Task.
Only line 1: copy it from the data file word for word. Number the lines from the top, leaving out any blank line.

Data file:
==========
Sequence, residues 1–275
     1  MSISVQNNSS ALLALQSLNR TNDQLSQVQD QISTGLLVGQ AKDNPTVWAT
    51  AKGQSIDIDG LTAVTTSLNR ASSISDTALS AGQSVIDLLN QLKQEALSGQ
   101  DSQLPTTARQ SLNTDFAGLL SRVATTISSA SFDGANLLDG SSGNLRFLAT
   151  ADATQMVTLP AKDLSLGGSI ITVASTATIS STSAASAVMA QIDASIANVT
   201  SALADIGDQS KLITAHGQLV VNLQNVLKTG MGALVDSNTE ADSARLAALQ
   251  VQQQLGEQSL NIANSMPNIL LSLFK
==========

Sequence, residues 1–275